Because of the risks of longer intervals without continued examinations and injections, treat and extend is more of a “real-world” dosing strategy. “Obviously, there are some patients who cannot be extended beyond monthly therapy without developing recurrent fluid, so treat and extend helps us identify those patients who truly need monthly dosing,” Dr. Freund says.

According to Dr. Regillo, this strategy starts with treating monthly until the macula is dry. Once it is dry, the time to retreatment is extended out a little bit each time, such as by two-week intervals. The interval between treatments is extended until the patient recurs.
“You may be treating every four weeks at first,” he says. “If the patient is doing well, you extend it to every six weeks. If she is doing well, you extend it to eight weeks. If there is a recurrence at eight weeks, you go back to six weeks, or the longest, previously demonstrated disease-free interval. Over time, you often can figure out a given patient’s optimal treatment interval and maintain her in a steady fashion over long time frames.”

An added benefit of the treat and extend strategy is cost savings for the patient. Most patients have a co-pay, so cost is also a consideration.
Karl Csaky, MD, PhD, of the Retina Foundation of the Southwest in Dallas, says the challenge is that the three agents typically used all have very similar pharmacokinetics and durability plus or minus a week or so. “One confounding problem is that there appears to be an individualized durability interval that each patient demonstrates,” he says. “It becomes a question of what strategy you use to dial in that sweet spot between injections and find out whether they are, for example, a five-weeker or a six-weeker. It is unclear how to predict that upfront, although there will be strategies in the future for us to more quickly dial that interval in.”

Right now, we don’t have any reliable anatomic marker that says how long we can go between injections; it is basically all trial and error.
–Karl Csaky, MD, PhD

He also notes that choosing a treatment strategy also depends somewhat on the status of the eye: “So, if it is the only good seeing eye, then you might want to be a little bit more aggressive with the interval. At the interval after which such an eye demonstrates recurrent fluid, we might want to have the patient come back even every four weeks just to be absolutely sure that we don’t put him at risk for a bleed. That is the major catastrophic event that we want to avoid.”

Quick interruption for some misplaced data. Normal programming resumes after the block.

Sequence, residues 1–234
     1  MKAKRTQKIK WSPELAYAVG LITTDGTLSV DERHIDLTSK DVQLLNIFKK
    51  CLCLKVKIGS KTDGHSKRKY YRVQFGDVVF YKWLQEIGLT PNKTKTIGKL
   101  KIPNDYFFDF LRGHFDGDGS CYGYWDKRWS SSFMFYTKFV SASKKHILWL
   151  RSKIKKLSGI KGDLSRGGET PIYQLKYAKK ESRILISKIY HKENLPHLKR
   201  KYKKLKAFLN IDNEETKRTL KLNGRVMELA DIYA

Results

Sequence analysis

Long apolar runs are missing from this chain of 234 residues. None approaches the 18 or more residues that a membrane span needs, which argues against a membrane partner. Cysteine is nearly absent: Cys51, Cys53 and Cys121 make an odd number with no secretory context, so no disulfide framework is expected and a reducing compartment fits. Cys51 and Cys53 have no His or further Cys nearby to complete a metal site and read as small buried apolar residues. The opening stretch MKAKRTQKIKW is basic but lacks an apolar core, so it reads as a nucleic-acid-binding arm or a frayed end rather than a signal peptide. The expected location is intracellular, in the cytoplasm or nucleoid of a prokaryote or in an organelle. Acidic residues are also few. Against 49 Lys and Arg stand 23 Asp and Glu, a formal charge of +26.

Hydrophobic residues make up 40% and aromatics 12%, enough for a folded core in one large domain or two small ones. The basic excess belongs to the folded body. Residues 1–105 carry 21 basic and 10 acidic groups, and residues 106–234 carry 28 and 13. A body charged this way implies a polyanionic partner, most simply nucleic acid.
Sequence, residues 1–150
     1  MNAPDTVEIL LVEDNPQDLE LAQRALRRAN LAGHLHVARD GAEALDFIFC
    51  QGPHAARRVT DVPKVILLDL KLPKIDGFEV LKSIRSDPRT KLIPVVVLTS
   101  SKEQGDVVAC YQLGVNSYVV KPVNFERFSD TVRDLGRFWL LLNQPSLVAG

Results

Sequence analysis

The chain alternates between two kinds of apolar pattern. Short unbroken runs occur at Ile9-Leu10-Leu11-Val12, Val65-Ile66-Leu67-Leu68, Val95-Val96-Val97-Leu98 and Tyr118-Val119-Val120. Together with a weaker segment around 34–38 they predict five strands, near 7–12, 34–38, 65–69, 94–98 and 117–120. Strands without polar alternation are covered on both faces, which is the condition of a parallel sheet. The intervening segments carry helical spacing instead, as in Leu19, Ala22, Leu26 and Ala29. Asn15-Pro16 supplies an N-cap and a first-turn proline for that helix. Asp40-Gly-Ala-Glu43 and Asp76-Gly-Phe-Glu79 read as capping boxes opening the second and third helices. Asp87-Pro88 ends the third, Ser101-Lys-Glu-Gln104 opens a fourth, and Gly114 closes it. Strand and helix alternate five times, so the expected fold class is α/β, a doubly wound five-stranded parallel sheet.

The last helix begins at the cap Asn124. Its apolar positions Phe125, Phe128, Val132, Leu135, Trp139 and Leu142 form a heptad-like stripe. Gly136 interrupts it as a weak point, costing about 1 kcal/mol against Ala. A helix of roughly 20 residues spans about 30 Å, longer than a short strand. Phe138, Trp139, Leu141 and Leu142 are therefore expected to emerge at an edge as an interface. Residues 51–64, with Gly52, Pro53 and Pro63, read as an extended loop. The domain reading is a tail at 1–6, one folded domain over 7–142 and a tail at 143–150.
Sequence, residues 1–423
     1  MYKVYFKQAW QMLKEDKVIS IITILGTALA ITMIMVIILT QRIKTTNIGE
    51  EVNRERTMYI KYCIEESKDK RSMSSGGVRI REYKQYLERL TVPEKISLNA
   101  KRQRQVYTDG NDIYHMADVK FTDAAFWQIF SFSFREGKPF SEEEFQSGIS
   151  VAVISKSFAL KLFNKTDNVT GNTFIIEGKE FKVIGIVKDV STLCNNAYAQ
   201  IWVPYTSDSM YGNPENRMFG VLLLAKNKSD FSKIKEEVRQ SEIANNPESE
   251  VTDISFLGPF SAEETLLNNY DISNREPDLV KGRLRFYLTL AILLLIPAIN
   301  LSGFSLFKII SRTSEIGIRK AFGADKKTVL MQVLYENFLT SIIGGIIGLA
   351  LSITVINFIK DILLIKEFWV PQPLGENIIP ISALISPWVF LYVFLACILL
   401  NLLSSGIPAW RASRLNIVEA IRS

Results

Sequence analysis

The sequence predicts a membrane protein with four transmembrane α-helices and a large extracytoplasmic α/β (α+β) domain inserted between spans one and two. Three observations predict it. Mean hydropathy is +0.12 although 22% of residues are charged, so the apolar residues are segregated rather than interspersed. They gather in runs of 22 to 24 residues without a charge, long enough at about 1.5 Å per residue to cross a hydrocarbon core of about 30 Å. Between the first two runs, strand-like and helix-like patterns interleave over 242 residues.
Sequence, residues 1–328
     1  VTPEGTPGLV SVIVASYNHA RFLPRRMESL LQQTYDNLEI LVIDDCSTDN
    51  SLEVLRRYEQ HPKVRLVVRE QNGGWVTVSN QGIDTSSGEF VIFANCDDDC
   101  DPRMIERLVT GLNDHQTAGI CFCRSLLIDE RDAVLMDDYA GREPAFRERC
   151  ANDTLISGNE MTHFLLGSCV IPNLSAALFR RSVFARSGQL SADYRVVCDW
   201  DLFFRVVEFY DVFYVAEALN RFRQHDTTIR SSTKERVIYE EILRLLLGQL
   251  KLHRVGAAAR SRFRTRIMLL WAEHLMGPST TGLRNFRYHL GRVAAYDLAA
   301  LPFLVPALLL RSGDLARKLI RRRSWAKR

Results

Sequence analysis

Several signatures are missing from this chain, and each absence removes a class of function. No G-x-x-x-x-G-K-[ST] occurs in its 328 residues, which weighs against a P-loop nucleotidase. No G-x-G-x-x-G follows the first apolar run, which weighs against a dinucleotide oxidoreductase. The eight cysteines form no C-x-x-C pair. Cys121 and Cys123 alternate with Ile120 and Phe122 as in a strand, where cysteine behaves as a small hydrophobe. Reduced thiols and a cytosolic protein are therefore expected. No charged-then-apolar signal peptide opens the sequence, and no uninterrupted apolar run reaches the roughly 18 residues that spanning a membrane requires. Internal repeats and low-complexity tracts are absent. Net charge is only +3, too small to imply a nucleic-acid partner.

Catastrophic bleeds are even more concerning in a one-eyed patient who has good vision. “In someone with a poor seeing first eye that has not responded to injections, we tend to be a little bit more liberal about the injection regimen, says Dr. Csaky. “We will still try to keep the eye stable, but if there is little hope for vision improvement and the vision is bad, say worse than 20/200, and the fellow eye is seeing well, then we may not want to be as aggressive. The individual interval will be moderated by the status of the eye and the visual acuity of that eye. Right now, we don’t have any reliable anatomic marker that says how long we can go between injections; it is basically all trial and error. This is one of the areas of future research because it is clear that there is a spectrum of patients in terms of how long of an interval can be used between anti-VEGF injections.”

Dr. Freund believes it is also theoretically possible that treat and extend may lead to a lower risk of geographic atrophy than is observed with continuous monthly treatment. At two years, both the IVAN and CATT trials showed that eyes receiving monthly treatment were more likely to develop geographic atrophy than eyes receiving fewer injections in the discontinuous or p.r.n. cohorts.

“We may eventually see these small short-term visual benefits of monthly dosing over less frequent treatment will be offset by a greater long-term risk of vision loss due to GA,” he says. “While I think treat and extend represents a favorable compromise in terms of trying to reduce the dosing frequency while maintaining a ‘dry’ macula, given my concern that continuous treatment may increase the risk of GA, I am beginning to use OCT-guided therapy more commonly in my practice. I believe I’ve identified certain eyes in which OCT-guided therapy is more appropriate than treat and extend.”

For example, eyes developing foveal-threatening GA without vascularized pigment epithelial detachments or subretinal fibrosis may be suitable to consider switching to OCT-guided therapy as they are less likely to develop hemorrhage when they develop recurrent neovascular activity.

“I believe that combining what we learn from clinical trials and real-world experience allows retinal specialists to optimize their dosing regimen for each individual patient. Treat and extend is the most appropriate treatment strategy for most patients, and a subset of patients are better followed using OCT-guided therapy,” Dr. Freund says.   REVIEW

1. IVAN Study Investigators, Chakravarthy U, Harding SP, Rogers CA, et al. Ranibizumab versus bevacizumab to treat neovascular age-related macular degeneration: one-year findings from the IVAN randomized trial. Ophthalmology 2012;119:1399-1411.
2. CATT Research Group, Martin DF, Maguire MG, Fine SL, et al. Ranibizumab and bevacizumab for treatment of neovascular age-related macular degeneration: two-year results. Ophthalmology 2012;119:1388-1398.